When Patrick and Destiny Hoerter began the process to adopt their biological nephew in 2013, they had big dreams for the baby’s future. From the moment he was born, Josiah (nicknamed JoJo) was a smiling, joyful child who brought happiness to the couple's lives.
Because the adoption crossed state lines, the paperwork took nearly a year. While the Hoerters waited, they grew to love the little boy who would one day be their legal son. But soon after JoJo came to live with the couple, they noticed delays in his development.
Destiny took JoJo—not yet a year old—to a pediatric neurologist, who recommended a variety of tests. Then came the day the Hoerters will never forget.
"The adoption papers arrived the same day as the test results," Patrick says. "JoJo was legally our son the same day we found out he had a problem."
JoJo had a genetic disorder called MECP2 duplication syndrome, a condition that caused his brain to be overactive and unable to tell his body what to do. At first, Patrick says, the couple thought: Okay, we can deal with this. Tell us what we need to do. Then the doctor told them JoJo wasn’t likely to survive past age 13.
JoJo's condition deteriorated rapidly. By age two, he was in a wheelchair. JoJo's siblings, then-5-year-old Jasmine, 3-year-old Isaiah, and 1-year-old Micah, were his constant companions. His favorite place to go was the playground, especially Dopeke Park. But except for the swings, he was unable to play on any of the equipment.
The Hoerters approached the Make-A-Wish Foundation to help create a wheelchair accessible playground in their own backyard to give JoJo an outdoor place to play with his siblings. But before JoJo's wish could be granted, he died, three months short of his third birthday.
The Make-A-Wish Foundation doesn't grant wishes posthumously, but Patrick and Destiny were determined to find a way to honor their child. Thanks to a $1 million grant from the B.A. & Esther Greenheck Foundation in Wausau, their dream is about to become a reality.
The Hoerters have launched a project to create a $2.4 million all-inclusive playground on an acre of land within Brockmeyer Park on Stettin Drive in Wausau. Something of a revolutionary concept, an all-inclusive playground is a fun, active place where children with physical or developmental challenges can play together with all other kids, without the barriers commonly experienced at traditional locations.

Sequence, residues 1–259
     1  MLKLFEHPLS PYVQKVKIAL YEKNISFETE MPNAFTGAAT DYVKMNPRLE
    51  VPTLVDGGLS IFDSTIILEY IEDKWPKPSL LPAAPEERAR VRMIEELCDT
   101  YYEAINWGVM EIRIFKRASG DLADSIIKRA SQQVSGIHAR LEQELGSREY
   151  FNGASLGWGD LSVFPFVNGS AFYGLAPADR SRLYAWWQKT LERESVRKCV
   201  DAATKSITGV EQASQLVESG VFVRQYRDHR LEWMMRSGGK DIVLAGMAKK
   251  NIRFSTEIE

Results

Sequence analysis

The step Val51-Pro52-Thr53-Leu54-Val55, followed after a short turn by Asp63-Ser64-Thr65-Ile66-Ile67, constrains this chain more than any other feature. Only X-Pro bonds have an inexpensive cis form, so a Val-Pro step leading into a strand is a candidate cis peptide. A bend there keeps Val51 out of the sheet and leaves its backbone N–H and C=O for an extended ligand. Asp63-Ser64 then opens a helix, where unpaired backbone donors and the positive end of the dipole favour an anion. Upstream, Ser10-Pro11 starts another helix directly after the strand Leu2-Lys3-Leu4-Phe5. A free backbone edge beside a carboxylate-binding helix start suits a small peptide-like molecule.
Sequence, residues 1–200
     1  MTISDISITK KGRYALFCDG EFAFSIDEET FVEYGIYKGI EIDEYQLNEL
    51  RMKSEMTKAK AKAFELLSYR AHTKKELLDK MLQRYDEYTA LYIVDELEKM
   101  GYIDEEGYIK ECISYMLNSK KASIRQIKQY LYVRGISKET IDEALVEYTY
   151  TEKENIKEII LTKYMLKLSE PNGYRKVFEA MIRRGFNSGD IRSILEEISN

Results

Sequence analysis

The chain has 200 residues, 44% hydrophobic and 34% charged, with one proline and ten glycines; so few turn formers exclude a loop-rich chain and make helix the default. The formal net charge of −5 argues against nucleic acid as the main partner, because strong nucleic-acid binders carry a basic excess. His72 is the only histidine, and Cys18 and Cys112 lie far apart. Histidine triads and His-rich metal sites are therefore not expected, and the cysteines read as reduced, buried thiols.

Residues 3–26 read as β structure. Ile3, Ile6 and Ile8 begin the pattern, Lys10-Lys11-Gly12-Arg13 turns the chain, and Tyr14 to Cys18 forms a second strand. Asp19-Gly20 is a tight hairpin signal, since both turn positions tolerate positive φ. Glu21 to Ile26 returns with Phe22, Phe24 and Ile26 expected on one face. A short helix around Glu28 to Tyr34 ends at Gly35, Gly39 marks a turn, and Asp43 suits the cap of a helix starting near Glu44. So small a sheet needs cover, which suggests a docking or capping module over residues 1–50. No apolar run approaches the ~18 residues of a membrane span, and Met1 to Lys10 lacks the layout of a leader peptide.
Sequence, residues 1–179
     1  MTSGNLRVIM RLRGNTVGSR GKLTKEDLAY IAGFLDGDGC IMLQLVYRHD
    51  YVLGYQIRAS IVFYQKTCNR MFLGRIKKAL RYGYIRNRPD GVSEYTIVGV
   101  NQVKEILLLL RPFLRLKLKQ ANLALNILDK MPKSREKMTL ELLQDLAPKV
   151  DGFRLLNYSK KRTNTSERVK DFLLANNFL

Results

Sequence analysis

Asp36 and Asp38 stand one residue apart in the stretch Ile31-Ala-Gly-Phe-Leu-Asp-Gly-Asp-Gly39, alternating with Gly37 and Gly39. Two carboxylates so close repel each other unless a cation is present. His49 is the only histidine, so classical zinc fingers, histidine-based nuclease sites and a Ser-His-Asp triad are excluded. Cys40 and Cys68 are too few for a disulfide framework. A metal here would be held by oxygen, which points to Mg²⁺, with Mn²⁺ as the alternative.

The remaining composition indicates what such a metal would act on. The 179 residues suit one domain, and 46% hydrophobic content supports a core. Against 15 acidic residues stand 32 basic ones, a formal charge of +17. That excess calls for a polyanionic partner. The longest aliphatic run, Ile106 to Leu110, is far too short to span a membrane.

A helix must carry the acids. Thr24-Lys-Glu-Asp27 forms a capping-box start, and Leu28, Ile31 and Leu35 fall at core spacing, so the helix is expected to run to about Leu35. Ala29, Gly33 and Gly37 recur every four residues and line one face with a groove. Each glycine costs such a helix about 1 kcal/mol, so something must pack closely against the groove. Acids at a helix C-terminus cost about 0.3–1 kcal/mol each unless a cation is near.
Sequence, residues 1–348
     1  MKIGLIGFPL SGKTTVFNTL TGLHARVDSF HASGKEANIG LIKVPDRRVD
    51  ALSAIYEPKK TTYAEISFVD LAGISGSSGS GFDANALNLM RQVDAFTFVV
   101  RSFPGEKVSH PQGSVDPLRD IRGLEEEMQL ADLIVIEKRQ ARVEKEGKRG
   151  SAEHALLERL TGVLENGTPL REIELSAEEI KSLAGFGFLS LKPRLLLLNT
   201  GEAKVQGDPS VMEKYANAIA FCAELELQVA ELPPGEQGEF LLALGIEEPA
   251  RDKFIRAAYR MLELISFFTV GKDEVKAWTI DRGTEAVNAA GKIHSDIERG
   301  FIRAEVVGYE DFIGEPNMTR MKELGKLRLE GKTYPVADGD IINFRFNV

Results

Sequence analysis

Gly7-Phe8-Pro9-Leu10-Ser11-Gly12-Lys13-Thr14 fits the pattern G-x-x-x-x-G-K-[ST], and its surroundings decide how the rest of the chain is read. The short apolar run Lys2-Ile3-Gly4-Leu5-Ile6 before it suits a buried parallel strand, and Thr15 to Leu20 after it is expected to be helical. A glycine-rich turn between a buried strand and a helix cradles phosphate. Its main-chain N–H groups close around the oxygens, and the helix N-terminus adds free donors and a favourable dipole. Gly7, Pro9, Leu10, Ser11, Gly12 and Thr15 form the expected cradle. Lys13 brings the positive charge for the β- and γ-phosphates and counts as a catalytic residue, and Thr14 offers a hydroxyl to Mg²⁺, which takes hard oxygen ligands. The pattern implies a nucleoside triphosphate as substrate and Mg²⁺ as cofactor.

The key lies in landscaping and equipment design, which has been evolving for decades. A bigger push in recent years by advocates and designers has created a national movement for inclusive playgrounds.
Most parks are largely inaccessible to children with disabilities, Patrick says. Inclusive playgrounds are designed with features most people don’t give a thought to: Smooth rubber surfaces cushion falls. Swings have harnesses and high backs. Wide ramps allow wheelchair access to play equipment.
The idea is to create a playground that all children love. The one Patrick envisions, called JoJo's Jungle, is largely modeled after the Kids Are Special Here, or KASH, playground in Stevens Point, but significantly larger and with more features.
JoJo’s Jungle is impressive by any standard. Plans include a splash pad, a butterfly garden, two picnic areas and four zip lines, allowing children with and without disabilities to fly through the air.
Patrick, who works as an IT professional, created most of the park's vision himself, and had friends and professionals work on the design. Rettler Corp. in Stevens Point created the final plans that Patrick used when he approached the city's Parks and Recreation committee.
The response was enthusiastic. Alderman David Nutting, a longtime member of the committee, says he is excited about the park, which will be funded largely by private donations.
If all goes as planned, workers will break ground on the park on May 21, 2017. It would have been JoJo's fifth birthday.
Several local businesses and groups already have pledged toward the remaining $1.4 million. To donate, contact the Community Foundation of North Central Wisconsin, cfoncw.org or 715-845-9555. For more info on the project go to JoJosJungle.org.